What does a farm manager do?
Farm managers/farmers oversee the general running of farms to ensure that they are efficient and profitable. There are three main types of farm - livestock, arable and mixed. A farm manager's work depends partly on the type of farm. Farm managers may run a whole estate or just part of it, such as an arable unit.
Responsibilities may include:
- organising and supervising - planning the running of the farm, setting the budget and production targets; staff management; planning livestock breeding and deciding when to plant crops; buying materials, such as fertilisers and animal feed; selling the crops or animal produce
- keeping records - of the development of livestock and/or crops and financial records
- practical work - managers of smaller farms are likely to undertake some of the day-to-day practical work on the farm. This can include looking after the livestock, driving tractors and other machinery, spreading fertiliser and harvesting crops. It can also include maintaining and repairing farm buildings and machinery
- responsibility for other activities - many farms do much more than just raising livestock and crops. For instance the farm may have a farm shop, horse riding facilities or provide accommodation for tourists. Farm managers may be responsible for these.
What's the working environment like for a farm manager?
There are no set hours for farm managers and the demands of the job vary at different times of the year. At busy times long hours are likely, with early morning, evening and weekend work required.
Practical work on the farm is usually outdoors in all weather conditions. The work involves lifting, carrying, bending and standing. When dealing with paperwork, time is spent indoors in an office.
What does it take to become a farm manager?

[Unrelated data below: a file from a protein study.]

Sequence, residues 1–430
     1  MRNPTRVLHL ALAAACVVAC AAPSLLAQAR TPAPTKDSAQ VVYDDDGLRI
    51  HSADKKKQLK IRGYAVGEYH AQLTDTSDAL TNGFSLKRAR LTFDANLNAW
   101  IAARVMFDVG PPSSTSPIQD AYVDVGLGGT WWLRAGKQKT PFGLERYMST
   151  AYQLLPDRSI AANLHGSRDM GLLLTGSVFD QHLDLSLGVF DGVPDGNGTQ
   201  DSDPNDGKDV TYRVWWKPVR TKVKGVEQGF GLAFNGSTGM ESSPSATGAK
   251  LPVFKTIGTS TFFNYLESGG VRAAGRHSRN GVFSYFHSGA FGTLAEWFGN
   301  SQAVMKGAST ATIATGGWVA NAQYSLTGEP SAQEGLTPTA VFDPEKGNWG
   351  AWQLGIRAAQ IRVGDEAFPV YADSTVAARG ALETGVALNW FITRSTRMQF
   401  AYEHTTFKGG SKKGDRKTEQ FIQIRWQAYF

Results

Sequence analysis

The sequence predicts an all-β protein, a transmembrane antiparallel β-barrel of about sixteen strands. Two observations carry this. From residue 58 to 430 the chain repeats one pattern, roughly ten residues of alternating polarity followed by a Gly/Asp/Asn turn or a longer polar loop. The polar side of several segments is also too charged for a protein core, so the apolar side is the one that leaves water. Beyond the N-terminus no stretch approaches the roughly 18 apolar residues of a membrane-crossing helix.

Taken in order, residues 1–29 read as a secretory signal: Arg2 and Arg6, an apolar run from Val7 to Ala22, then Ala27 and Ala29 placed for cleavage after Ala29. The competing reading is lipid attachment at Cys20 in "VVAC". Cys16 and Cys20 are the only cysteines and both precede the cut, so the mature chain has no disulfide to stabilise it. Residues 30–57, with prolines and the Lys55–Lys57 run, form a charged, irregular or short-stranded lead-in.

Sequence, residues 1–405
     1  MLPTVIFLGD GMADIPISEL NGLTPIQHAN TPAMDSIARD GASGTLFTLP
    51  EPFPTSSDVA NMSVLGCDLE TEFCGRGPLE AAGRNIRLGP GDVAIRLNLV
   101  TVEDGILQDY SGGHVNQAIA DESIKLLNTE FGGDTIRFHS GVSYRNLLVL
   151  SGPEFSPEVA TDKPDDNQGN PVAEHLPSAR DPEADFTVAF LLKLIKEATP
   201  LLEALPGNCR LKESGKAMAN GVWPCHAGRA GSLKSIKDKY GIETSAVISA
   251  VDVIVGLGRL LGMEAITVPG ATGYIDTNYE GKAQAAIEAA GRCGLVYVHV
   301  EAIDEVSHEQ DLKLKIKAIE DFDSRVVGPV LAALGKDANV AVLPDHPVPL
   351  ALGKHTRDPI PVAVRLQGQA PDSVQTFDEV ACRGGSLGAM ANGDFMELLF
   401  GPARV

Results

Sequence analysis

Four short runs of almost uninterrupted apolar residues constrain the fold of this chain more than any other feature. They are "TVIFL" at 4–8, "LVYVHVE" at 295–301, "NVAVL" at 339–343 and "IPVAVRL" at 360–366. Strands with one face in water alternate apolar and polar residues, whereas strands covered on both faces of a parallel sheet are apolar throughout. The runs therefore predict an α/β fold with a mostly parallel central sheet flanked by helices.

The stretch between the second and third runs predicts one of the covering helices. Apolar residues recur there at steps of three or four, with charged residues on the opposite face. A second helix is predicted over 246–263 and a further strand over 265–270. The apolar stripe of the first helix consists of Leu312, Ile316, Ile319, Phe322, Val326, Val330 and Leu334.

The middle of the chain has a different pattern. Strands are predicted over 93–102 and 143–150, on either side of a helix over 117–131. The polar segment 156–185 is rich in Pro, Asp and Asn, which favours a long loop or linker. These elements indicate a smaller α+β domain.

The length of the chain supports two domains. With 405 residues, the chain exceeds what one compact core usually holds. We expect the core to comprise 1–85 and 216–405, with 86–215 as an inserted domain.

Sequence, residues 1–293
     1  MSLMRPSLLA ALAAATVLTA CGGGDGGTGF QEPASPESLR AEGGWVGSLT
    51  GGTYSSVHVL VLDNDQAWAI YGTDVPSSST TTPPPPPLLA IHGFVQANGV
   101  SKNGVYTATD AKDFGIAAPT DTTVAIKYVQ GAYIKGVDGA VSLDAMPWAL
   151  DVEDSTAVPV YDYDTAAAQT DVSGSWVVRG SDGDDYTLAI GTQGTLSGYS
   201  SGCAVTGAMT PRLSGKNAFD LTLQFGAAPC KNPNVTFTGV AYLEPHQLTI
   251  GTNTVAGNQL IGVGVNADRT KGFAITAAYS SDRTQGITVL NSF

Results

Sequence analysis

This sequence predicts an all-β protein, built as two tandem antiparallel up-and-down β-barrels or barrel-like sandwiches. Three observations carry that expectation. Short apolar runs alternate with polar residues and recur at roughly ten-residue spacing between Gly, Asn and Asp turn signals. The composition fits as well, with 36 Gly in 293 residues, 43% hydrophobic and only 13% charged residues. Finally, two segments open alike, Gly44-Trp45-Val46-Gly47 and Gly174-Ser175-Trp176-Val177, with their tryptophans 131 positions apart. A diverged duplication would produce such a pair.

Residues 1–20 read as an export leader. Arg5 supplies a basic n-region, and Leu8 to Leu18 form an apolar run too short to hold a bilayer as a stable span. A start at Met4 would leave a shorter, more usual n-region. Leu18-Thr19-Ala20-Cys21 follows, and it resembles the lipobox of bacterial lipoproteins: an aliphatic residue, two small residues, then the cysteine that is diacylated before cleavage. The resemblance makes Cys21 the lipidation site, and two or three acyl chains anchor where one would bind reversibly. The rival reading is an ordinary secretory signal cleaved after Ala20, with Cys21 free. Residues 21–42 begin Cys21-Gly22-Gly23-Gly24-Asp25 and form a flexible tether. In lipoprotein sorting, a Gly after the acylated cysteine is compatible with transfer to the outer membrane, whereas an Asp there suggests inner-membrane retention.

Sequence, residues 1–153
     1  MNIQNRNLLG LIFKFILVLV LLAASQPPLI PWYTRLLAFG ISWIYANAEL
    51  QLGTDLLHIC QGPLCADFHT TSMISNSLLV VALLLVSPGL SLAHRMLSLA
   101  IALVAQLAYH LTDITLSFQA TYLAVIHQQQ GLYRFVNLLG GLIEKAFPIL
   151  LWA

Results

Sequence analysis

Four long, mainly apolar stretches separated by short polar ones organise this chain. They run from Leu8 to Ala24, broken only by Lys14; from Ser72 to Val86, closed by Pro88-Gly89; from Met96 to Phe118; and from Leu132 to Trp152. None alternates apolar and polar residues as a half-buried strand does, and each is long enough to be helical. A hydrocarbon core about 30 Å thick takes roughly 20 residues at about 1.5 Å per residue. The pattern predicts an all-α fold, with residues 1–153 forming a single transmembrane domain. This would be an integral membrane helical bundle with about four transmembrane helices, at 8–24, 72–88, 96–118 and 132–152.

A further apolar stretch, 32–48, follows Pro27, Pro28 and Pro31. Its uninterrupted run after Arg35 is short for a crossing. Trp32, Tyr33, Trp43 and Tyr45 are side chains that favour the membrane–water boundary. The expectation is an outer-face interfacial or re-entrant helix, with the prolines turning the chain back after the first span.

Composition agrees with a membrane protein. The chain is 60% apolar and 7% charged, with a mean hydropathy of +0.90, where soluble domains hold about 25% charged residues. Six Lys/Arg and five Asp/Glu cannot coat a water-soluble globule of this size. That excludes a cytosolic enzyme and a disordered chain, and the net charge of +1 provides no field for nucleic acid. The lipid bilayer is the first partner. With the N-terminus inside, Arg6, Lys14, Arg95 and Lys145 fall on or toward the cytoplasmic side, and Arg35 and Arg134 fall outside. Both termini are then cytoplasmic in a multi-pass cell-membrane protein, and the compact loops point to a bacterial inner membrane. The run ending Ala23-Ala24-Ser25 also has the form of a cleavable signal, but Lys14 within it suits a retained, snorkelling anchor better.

To be a farm manager you should:
- be fit, energetic, strong and be willing to work long hours in all weather conditions
- have business management skills and the ability to organise and motivate staff
- have the ability to find and develop new activities to keep the farm profitable
- be good with figures for budgeting and keeping financial records
- be computer literate
- have good communication skills
- have practical abilities
- be capable of working under pressure.
A driving licence is usually required.
Farm manager career opportunities
There are opportunities for farm managers throughout the UK. Most farms are in rural areas. Employers include farm owners, commercial organisations, universities and research institutions.
Large farms have promotion possibilities. Movement from farm to farm to gain experience and promotion is usual. With experience of farm management it is possible to move into other work such as agricultural advisory work for government bodies, consultancy or teaching.
If you would like to know more about becoming a farmer that isn't mentioned on Hotcourses, further information can be found below.
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